Modern and Pleistocene Reservoir Ages Inferred from South Pacific Corals
MetadataShow full item record
CitationBurr, G. S., Beck, J. W., Corrège, T., Cabioch, G., Taylor, F. W., & Donahue, D. J. (2009). Modern and Pleistocene reservoir ages inferred from South Pacific corals. Radiocarbon, 51(1), 319-335.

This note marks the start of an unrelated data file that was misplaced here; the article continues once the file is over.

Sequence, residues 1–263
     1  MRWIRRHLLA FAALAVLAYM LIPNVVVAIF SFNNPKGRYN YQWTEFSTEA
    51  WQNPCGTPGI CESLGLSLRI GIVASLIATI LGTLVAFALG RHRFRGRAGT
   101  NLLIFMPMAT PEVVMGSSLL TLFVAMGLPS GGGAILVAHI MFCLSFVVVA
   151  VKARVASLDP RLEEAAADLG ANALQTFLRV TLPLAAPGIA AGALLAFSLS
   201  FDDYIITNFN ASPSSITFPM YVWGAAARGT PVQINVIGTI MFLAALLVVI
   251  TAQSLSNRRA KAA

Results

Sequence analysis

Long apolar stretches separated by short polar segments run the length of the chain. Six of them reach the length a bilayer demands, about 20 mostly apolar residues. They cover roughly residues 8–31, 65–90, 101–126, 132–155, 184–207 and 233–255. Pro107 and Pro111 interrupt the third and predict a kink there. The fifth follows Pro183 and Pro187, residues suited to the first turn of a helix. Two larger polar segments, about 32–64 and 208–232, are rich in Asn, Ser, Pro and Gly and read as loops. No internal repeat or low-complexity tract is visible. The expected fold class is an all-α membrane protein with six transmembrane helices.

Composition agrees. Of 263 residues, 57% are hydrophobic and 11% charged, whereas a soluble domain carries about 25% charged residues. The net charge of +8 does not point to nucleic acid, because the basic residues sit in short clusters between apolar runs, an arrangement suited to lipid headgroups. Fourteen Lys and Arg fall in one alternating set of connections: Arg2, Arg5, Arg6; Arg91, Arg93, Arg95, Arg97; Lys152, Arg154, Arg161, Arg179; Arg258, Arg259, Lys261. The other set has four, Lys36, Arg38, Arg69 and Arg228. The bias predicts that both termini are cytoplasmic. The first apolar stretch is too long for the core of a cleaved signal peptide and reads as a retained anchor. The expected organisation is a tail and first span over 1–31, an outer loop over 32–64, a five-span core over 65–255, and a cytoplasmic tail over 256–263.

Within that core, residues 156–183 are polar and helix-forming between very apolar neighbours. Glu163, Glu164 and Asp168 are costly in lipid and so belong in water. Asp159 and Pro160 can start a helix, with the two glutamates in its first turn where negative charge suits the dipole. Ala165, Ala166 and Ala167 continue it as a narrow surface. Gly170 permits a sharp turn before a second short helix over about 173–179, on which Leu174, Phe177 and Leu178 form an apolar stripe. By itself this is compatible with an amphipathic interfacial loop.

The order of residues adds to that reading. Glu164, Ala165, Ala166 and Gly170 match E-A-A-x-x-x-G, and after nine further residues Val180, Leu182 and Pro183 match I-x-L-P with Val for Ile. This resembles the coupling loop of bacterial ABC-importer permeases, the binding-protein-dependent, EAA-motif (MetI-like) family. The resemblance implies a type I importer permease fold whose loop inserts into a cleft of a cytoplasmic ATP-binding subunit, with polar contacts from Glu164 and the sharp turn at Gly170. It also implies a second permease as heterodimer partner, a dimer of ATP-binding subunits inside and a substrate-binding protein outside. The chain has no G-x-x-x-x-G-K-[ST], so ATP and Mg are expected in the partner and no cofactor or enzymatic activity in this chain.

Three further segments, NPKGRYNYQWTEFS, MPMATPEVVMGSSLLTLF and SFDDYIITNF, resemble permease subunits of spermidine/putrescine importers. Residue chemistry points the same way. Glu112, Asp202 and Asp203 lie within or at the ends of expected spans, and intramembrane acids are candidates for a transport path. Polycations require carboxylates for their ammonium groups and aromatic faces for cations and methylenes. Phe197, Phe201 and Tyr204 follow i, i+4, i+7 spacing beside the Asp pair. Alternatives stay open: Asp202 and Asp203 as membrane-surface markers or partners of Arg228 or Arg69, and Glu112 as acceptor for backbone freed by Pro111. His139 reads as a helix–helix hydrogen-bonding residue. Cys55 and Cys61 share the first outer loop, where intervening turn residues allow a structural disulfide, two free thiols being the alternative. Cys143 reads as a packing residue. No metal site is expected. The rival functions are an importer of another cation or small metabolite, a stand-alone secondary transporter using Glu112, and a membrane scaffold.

AbstractThis paper presents radiocarbon results from modern South Pacific corals from the Marquesas Islands, Vanuatu, Papua New Guinea (PNG), and Easter Island. All of the measurements are from pre-bomb Porites corals that lived during the 1940s and 1950s. The data reflect subannual to multiannual surface ocean 14C variability and allow for precise, unambiguous reservoir age determinations. The results are compared with published values from other coral records throughout the South Pacific, with striking consistency. By comparisons with other published values, we identify 3 South Pacific regions with uniform pre-bomb reservoir ages (1945 to 1955). These are 1) the Central Equatorial South Pacific (361.6 +/- 8.2 14C yr, 2 sigma); 2) the Western Equatorial South Pacific (322.1 +/- 8.6 14C yr, 2 sigma); and 3) the subtropical Pacific (266.8 +/- 13.8 14C yr, 2 sigma). The question of how much, and how fast, South Pacific reservoir ages might have varied in the past is addressed by examining a published record from a Pleistocene coral from Vanuatu that lived over a 700-yr period during the Younger Dryas. The average reservoir age at that time was larger than today, by ~150 yr, and exhibited reservoir age variability on a decadal timescale not seen in modern times. Measured paleo-reservoir ages increase sharply in this record by as many as 300 14C yr in 3 decades. These increases are punctuated by smaller reservoir age decreases, on the order of 150 yr. This reservoir age variability provides a rare picture of active ocean ventilation and ocean-atmosphere exchange at the close of the Pleistocene.